Film and TV shows shot in the Wolverine State

To film this story of a woman who campaigned for more than a decade to release her wrongfully convicted borther from jail, producer Andrew Sugermanfound Ann Arbor could sub for Massachusetts.
“The architecture was very New England Victorian, and (Michigan’s) rebate was a very important part of our financing structure,” says Sugerman. “The overall crew costs were also better, and they’re extremely film-friendly in Michigan.”
Sugerman found local Michigan residents not just accommodating but downright neighborly when they set up to shoot on a residential street for a little over a week.
“We had people coming up to us and saying that they were so glad that we were there and they even invited us inside their homes for coffee,” says Sugerman. “Film production is definitely a bright spot for them right now.”
Incentives: 40% refundable tax credit on Michigan expenditures; extra 2% for filming in “core” communities.
Locations: Jackson, Chelsea, Dexter, Ann Arbor
Facilities: Jackson State Prison, Jackson Court House
Michigan-based support: Mid America Cine Support, the Media Cooperative
Other Michigan vendors: Kind Services (craft services), Fletcher Camera
Location manager: Tom Jacob

Producers were looking for a place to film this automotive reality competition series that pits teams of drivers against each other for a $50,000 prize. They picked Belle Isle, an island in the Detroit River.
“A parking lot wouldn’t have had any flavor to it,” says exec producer Arthur Smith. “We needed a massive space, a different environment, and we got all of that (plus) the GM building in the background and the Detroit skyline.”
There were also other benefits for a show that routinely wrecks cars. “The incentives allowed us to put more money on the screen, and that was really important because this show is so visual,” says Smith.
Incentives: 40% refundable tax credit on Michigan expenditures; extra 2% for filming in “core” community.
Location: Detroit
Facility used: Belle Isle
Michigan-based support: 23rd Street Studios, Scenic Design Group, Roush Racing
Other Michigan vendors: Michigan Marine Salvage, Chow Catering
Location manager: Tom Moisides

When Clint Eastwood’s film about a lonely widower whose prejudices are challenged by his Hmong neighbors came to Michigan, location manager Patrick Mignano found just the right look in Highland Park. The area had a consistent style of architecture and an open attitude about making things work for the film’s crew.
“It had to have the feel of an old neighborhood — something from the 1920s — and they’re not building new houses (in this area) right now, so that made it great for us,” says Mignano.
Detroit also has its own Hmong population, which made it easier to cast background actors and gave the project greater authenticity.
“When you’re here as part of the film industry, you’re part of an upbeat story and you’re part of jobs and money coming into the state,” says Mignano. “Everyone is happy to have you here.” The film was one of the first to take advantage of the new tax incentives when they became effective in the spring of 2008
Incentives: 40% refundable tax credit on Michigan expenditures; extra 2% for filming in “core” communities,
Locations: Grosse Pointe, Highland Park, Royal Oak, Center Line, Howell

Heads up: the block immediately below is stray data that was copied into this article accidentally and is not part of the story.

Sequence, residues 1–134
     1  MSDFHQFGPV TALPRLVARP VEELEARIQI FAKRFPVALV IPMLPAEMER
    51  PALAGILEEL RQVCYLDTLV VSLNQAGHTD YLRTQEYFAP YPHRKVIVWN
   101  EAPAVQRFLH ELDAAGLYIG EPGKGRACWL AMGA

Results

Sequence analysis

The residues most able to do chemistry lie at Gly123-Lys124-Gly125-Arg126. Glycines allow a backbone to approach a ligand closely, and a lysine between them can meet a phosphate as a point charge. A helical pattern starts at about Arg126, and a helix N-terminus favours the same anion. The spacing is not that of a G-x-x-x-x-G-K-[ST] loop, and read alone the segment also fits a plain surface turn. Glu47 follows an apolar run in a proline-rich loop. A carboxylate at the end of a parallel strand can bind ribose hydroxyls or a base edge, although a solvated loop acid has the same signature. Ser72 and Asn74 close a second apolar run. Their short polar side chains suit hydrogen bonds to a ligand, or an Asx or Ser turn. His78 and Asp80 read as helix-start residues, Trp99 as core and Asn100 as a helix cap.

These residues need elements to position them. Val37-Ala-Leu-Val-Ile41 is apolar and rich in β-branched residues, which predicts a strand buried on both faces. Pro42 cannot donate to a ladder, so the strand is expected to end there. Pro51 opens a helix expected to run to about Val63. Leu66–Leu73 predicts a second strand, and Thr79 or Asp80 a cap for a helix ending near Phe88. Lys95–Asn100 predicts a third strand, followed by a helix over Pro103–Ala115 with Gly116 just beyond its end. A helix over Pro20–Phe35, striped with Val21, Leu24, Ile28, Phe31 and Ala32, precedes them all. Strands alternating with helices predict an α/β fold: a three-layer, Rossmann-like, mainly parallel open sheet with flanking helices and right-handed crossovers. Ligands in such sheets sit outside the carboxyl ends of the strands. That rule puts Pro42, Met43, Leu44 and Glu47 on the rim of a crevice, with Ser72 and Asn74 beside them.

Facilities used: St. Ambrose Catholic Church, Pointe Hardware, Widgren’s Barbershop
Michigan-based support: Mid America Cine Support, S3 Entertainment Group
Other Michigan vendors: Worldwide Security and Investigations, Pound-Mooney Casting, English Gardens, Bordine Nursery, Telly’s Nursery, Somerset Inn
Location manager: Patrick Mignano

The opening credits of HBO’s new series walk the viewer through Detroit as former high school sports star turned gigolo Ray Drecker marches through the city. Like many in Michigan, Drecker has fallen on hard times, so he turns to a recession-proof profession to make extra money. Set against suburban Detroit, the show shoots at a variety of locations throughout the city and has been able to capitalize on Michigan’s incentive structure.
Incentives: 40% refundable tax credit on Michigan expenditures; extra 2% for filming in “core” community.
Locations: Detroit, Orchard Lake, Birmingham, West Bloomfield
Facilities used: Lafayette Coney Island, Townsend Hotel, Kodiak Creek Inn
Michigan-based support: Mid America Cine Support, AVC Services
Other Michigan vendors: Extreme Engineering, Cornwell Pool & Patio, Vassel’s Main Street Catering
Location manager: David Wolfson

When it came time to find a place that could double for Bodeen, Texas, location manager Russ Fega found everything he needed — from a warehouse where a roller rink could be constructed to a local restaurant that could become an eatery called the “Oink Joint” — in Michigan.
Helmed by Drew Barrymore and starring Ellen Page, “Whip It” follows a young girl looking for a way to fit in. Then she discovers roller derby.
“The amount of empty warehouses was a real plus,” says Fega of the locale where a rink could be built. “There have been some hard times in Michigan but that’s really an opportunity for us because we have options.”
Ypsilanti, Mich., became Bodeen when Fega discovered its uncomplicated streets and quaint storefronts. Plus, the locals “bent over backwards to help us,” says Fega. “When you shoot for seven days in a neighborhood in Los Angeles, it’s a lot more complicated.”
Incentives: 40% refundable tax credit on Michigan expenditures; extra 2% refundable tax credit for filming in “core” communities.
Locations: Birch Run, Detroit, Troy, Ypsilanti
Facilities used: Ferndale High School, Hamtramck High School, Detroit Yacht Club, Oink Joint, Eastern Market, Wolverine Restaurant
Michigan-based support: Mid America Cine Support, Night Hawk Security
Other Michigan vendors: Chow Catering
Location Manager: Russ Fega

Want to read more articles like this one? SUBSCRIBE TO VARIETY TODAY.
Post A Comment 0